|The expansion port (viewed from the rear of the computer)|
Using the expansion port is a bit more awkward than using the printer or joystick ports. This is because hardware on the expansion port needs a 16-bit numerical address, just like a memory address. This means that your hardware must include logic circuitry to decode the address lines (A0 to A15) so that it only acts on instructions that are intended for it. A lot of the possible addresses are already being used by the CPC's internal hardware, but there are ranges that are reserved for user peripherals, namely:
The addresses &F8FF, &F9FF, &FAFF, and &FBFF are used to reset peripherals on the expansion bus.
The CPC firmware guide (SOFT 968) has the full list of I/O addresses and the hardware that uses them.
The BASIC command for reading a byte from an I/O address is:
where &nnnn is the 16-bit I/O address to read from.
To send a byte to an I/O address, use:
where &nnnn is the 16-bit I/O address, and &xx is the byte to send.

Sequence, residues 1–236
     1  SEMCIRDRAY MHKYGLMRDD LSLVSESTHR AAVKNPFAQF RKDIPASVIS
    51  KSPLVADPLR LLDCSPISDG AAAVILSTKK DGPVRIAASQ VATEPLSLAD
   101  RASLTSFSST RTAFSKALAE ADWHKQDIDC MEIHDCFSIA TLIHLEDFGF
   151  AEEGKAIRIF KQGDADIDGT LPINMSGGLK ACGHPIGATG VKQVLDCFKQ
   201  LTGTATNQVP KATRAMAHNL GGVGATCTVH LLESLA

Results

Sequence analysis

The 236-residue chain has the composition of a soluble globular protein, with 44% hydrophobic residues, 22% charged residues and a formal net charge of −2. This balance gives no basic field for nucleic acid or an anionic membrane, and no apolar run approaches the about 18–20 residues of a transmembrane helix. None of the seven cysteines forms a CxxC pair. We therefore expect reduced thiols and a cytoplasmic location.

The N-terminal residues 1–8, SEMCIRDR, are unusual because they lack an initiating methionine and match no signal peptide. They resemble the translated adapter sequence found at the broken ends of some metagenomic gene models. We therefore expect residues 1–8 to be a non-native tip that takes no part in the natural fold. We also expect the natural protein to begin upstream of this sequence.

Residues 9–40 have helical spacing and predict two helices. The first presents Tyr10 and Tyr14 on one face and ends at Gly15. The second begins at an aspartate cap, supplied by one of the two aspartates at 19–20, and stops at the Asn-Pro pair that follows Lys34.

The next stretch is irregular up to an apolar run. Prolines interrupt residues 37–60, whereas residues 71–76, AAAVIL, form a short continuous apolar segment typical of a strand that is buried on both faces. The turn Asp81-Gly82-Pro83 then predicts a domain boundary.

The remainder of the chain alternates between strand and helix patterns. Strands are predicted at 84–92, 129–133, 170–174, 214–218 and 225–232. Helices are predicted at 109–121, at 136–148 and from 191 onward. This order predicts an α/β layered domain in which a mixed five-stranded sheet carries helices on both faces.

There's also the WAIT command, which will wait until the specified I/O address returns a particular value:
&nnnn is a 16-bit I/O address. mask and inversion (optional parameter) are 8 bit values.
This command reads a byte from the I/O port specified as &nnnn, XORs the byte with inversion then ANDs it with mask. It loops until this operation returns a non-zero result.
The following opcodes are available for reading and writing to and from I/O ports:IN A, (C)
Despite the (C) in the opcode, these operations actually use the full 16-bit value of the BC register.
The Z80 processor has block-copy instructions for I/O operations, equivalent to the LDIR instructions for copying memory. However, the design of the CPC's hardware means that these instructions don't work on the CPC.
The Z80 also has two undocumented I/O instructions. Most assemblers won't recognise the opcodes, so you'd probably have to insert them as hexadecimal values if you wanted to use them.
|IN F, (C)||ED 70|
|OUT (C), 0||ED 71|
When you issue an IN/INP or OUT command (from BASIC or machine code), the following things happen:
So, to give an example, if you made a device that would ignore all IN or OUT commands except those to address &F8F0, you could send a byte to it by doing something like OUT &F8F0, &FF (or the machine code equivalent). The IORQ and WR lines would go low, the value &F8F0 would be put on the address bus, and the value &FF would be put on the data bus. The address decoding logic on your expansion device would recognise that this I/O operation was directed at it, and the device would then do whatever it was supposed to with the data on the data bus.